Thoughts on the Spanish Flu of 1918-19 in Mecklenburg County c/o local historian John Blythe: “According to long-standing custom the illness was named after the place it first came to notice. It struck all of Europe, and of America, during the height of the First World War in a winter more severe than any previously recorded. It was brought to the US by troops returning home on crowded troop ships. The Army training camp in Charlotte, Camp Greene, was severally affected. Death often occurring within a day of showing symptoms. It is estimated that half of the 80,000 soldiers, both black and white, came down with it and 1,200 died. The camp was quarantined for two weeks at the height of the disease and schools, churches, and theaters were closed. Coffins were stacked to the ceiling at the rail road station awaiting shipment home while in one location 80 bodies were stacked up waiting burial.”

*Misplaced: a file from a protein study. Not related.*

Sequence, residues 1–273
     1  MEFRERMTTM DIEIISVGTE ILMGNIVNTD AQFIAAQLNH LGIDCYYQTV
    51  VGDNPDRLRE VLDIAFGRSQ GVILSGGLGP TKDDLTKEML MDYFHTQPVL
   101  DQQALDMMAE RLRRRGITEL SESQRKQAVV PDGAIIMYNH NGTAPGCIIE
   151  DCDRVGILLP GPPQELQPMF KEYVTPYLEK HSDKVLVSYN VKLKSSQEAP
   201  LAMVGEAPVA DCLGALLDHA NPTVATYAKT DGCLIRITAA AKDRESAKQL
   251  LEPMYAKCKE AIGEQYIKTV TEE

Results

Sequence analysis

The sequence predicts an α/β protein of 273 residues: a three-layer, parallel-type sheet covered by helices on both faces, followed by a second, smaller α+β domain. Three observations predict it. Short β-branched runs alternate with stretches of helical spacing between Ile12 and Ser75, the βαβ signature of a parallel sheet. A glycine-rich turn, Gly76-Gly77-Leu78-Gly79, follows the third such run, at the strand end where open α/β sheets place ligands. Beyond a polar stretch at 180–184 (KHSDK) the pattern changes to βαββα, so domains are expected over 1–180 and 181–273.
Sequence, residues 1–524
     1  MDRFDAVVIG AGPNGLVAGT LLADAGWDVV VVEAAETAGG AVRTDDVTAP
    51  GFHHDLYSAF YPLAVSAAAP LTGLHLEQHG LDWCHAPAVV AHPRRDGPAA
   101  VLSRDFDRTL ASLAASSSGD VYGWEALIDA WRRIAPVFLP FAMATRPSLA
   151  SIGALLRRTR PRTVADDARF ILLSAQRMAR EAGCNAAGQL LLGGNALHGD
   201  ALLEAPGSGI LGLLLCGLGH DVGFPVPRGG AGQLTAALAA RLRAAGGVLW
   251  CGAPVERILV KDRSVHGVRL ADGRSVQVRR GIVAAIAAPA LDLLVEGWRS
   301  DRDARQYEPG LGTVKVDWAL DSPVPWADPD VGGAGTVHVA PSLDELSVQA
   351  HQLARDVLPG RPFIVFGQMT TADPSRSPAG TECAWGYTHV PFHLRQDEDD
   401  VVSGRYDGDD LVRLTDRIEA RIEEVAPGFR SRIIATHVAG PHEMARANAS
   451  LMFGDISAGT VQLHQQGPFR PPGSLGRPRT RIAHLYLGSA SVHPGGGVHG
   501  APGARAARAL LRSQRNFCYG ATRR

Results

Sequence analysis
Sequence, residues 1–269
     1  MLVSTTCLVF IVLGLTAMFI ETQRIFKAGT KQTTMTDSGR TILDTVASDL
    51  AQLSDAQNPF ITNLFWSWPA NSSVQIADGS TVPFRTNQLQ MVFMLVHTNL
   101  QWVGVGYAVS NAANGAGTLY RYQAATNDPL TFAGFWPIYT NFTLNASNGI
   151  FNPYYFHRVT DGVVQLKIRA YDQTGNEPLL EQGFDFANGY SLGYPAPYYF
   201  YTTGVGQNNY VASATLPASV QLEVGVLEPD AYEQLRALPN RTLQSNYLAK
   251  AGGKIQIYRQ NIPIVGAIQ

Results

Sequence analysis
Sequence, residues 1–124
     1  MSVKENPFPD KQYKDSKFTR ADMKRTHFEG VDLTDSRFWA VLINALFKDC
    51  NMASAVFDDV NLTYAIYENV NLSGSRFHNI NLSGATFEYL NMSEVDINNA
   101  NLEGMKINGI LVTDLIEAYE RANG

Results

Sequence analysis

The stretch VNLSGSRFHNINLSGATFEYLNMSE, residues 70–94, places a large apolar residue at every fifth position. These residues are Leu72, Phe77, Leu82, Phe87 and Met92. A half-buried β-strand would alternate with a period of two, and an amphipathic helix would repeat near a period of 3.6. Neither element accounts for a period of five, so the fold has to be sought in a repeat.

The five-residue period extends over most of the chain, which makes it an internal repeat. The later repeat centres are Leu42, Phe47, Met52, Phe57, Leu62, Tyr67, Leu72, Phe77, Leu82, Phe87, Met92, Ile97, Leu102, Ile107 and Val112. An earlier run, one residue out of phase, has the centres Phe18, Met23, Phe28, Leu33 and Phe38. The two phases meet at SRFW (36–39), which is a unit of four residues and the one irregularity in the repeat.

Until next week!
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Information taken from:
May 20th Society on Instagram - @meckdec
“We have to do with the past only as we can make it useful to the present and the future.” – Frederick Douglass